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Traditional outcome

Pauline McLean | 11:29 UK time, Tuesday, 15 March 2011

So as one observant correspondent predicted on this blog just a few weeks ago, the closure of Plockton School of Traditional Music has been averted in the nick of time.

Education minister Michael Russell galloped in this morning with a cheque for £200,000 for 2012/2013 and 2014/2015 when the facility had expected to close.

The deal is based on a partnership with the West Highland College UHI (University of the Highlands and Islands) and on a number of cost-cutting measures which would save the centre up to £50,000 a year.

If the college agrees, and accepts the grant, it would then run a national certificate in traditional music.

And what about Highland Council, whose withdrawal of their £300,000 annual funding, caused all the hoohah in the first place?

They must still approve the new agreement, and may still have their share of responsibility for the centre.

Highland Council leader Michael Foxley says the whole situation has been positive - showing the extent of the support for the centre, including an internet petition, and a noisy campaign by musicians and music lovers across the world.

Many of those supporters will now be asked to put their money where their mouths are, to support the continuing upkeep of the centre.

Speaking on Good Morning Scotland today, Mr Foxley said the campaign had thrown up lots of previously overlooked options for funding, including weekend staffing and travel costs. A silver lining amongst a lot of black clouds.

And while a cause for celebration in the traditional music world, you can't help wondering whether the wider and more aggressive cuts to music and arts education across the country will be as much of a cause celebre.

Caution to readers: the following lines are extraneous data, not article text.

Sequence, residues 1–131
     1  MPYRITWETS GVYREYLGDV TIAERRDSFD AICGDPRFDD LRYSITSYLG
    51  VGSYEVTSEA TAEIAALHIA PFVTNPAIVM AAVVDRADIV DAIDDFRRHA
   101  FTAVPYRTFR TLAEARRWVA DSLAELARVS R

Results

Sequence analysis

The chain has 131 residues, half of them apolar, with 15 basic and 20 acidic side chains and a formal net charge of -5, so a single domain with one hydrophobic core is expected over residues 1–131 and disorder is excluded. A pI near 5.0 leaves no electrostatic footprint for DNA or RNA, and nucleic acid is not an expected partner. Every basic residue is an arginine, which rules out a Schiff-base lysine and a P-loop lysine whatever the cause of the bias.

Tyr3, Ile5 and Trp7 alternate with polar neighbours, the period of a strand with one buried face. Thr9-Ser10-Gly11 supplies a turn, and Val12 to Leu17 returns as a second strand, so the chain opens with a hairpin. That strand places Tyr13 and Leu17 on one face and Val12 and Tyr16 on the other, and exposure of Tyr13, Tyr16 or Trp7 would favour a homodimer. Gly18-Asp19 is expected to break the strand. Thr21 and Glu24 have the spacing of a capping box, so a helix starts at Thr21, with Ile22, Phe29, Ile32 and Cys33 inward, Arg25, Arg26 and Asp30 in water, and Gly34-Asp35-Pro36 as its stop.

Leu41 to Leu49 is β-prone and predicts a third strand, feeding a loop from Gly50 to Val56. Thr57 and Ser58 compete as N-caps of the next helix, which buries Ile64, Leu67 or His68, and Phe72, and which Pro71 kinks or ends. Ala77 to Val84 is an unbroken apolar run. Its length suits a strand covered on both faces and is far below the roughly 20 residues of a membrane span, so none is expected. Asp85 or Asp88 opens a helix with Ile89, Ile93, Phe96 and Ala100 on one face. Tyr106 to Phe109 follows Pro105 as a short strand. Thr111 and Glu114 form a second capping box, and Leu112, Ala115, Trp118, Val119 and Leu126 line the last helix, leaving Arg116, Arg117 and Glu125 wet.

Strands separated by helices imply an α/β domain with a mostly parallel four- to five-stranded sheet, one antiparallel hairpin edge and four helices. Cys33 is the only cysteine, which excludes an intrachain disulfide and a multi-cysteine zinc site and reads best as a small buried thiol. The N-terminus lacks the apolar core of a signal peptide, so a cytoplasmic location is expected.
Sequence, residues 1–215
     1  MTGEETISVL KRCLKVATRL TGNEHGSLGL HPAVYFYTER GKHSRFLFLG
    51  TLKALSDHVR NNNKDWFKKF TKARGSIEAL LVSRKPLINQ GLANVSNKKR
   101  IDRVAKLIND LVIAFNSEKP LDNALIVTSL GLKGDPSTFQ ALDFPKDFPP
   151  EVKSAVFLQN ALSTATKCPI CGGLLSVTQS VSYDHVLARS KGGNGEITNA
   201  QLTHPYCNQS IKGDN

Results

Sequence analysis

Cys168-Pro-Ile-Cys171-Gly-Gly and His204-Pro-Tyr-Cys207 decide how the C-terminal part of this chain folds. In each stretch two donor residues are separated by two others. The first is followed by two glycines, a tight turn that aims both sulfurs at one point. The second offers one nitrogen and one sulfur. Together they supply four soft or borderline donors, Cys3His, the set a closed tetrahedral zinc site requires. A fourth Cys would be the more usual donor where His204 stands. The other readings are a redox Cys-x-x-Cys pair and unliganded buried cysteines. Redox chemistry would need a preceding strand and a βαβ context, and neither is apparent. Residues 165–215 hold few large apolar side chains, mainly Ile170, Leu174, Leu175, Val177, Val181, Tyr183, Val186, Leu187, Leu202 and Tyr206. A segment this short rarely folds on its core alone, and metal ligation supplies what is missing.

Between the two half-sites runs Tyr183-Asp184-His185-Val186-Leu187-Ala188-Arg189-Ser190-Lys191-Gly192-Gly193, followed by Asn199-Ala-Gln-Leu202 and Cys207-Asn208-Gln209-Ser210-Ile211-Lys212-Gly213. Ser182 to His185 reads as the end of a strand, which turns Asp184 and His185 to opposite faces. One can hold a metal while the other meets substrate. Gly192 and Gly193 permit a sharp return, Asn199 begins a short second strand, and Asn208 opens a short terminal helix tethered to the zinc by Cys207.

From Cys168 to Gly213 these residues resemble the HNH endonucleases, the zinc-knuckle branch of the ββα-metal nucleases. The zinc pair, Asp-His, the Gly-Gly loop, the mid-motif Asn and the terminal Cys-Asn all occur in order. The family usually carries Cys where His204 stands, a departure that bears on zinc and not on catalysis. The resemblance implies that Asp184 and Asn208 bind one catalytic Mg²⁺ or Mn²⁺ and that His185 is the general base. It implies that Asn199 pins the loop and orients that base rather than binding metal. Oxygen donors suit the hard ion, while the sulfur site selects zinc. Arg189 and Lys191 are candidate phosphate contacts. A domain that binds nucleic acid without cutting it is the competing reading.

Or indeed as simple to resolve.

Comments

  • Comment number 1.

    Highland Council leader Michael Foxley says the whole situation has been positive - showing the extent of the support for the centre, including an internet petition, and a noisy campaign by musicians and music lovers across the world...Speaking on Good Morning Scotland today, Mr Foxley said the campaign had thrown up lots of previously overlooked options for funding, including weekend staffing and travel costs.

    Did Highland Council Lib-Dem Leader admit that it was his Lib-Dem/Independent Group/Labour administration in Highland Council that took the decision to close the School of Excellence in the first place despite opposition from the SNP and non-aligned independent members?

    Did he also make clear that in a stunning display of incompetence by the Highland Council administration closing the School of Excellence in Plockton would have resulted in no savings at all for Highland Council?

    In an answer to a written question from Peter Peacock Mike Russell replied that if Highland Council closed the school the Government would remove the funding from Highland Council.

    S3W-39439 - Peter Peacock (Highlands and Islands) (Lab) (Date Lodged Monday, February 07, 2011): To ask the Scottish Executive what its position is regarding a local authority no longer providing funding for a national centre of excellence in education for which its annual funding had been specifically increased.

    Answered by Michael Russell (Thursday, February 24, 2011): The previously ring-fenced funding for national centres of excellence was rolled-up into the local government finance settlement with effect from 1 April 2008. Although the provision for national centres of excellence is still recognised in the needs-based distribution formula there is no separately identifiable funding. If a local authority were to withdraw this service, this could impact on the future funding allocations for that local authority. The Scottish Government''s view is that it would not be appropriate for a local authority to benefit at the expense of other local authorities, within the distribution formula, in relation to a facility or service that it no longer provides.


    I suspect the responsibility for funding the School of Excellence has been withdrawn from Highland Council and is now being administered directly by the Government. Though Highland Council will continue to run the school the Lib-Dem/Independent/Labour administration have been put firmly in their place by Mike Russell.

 

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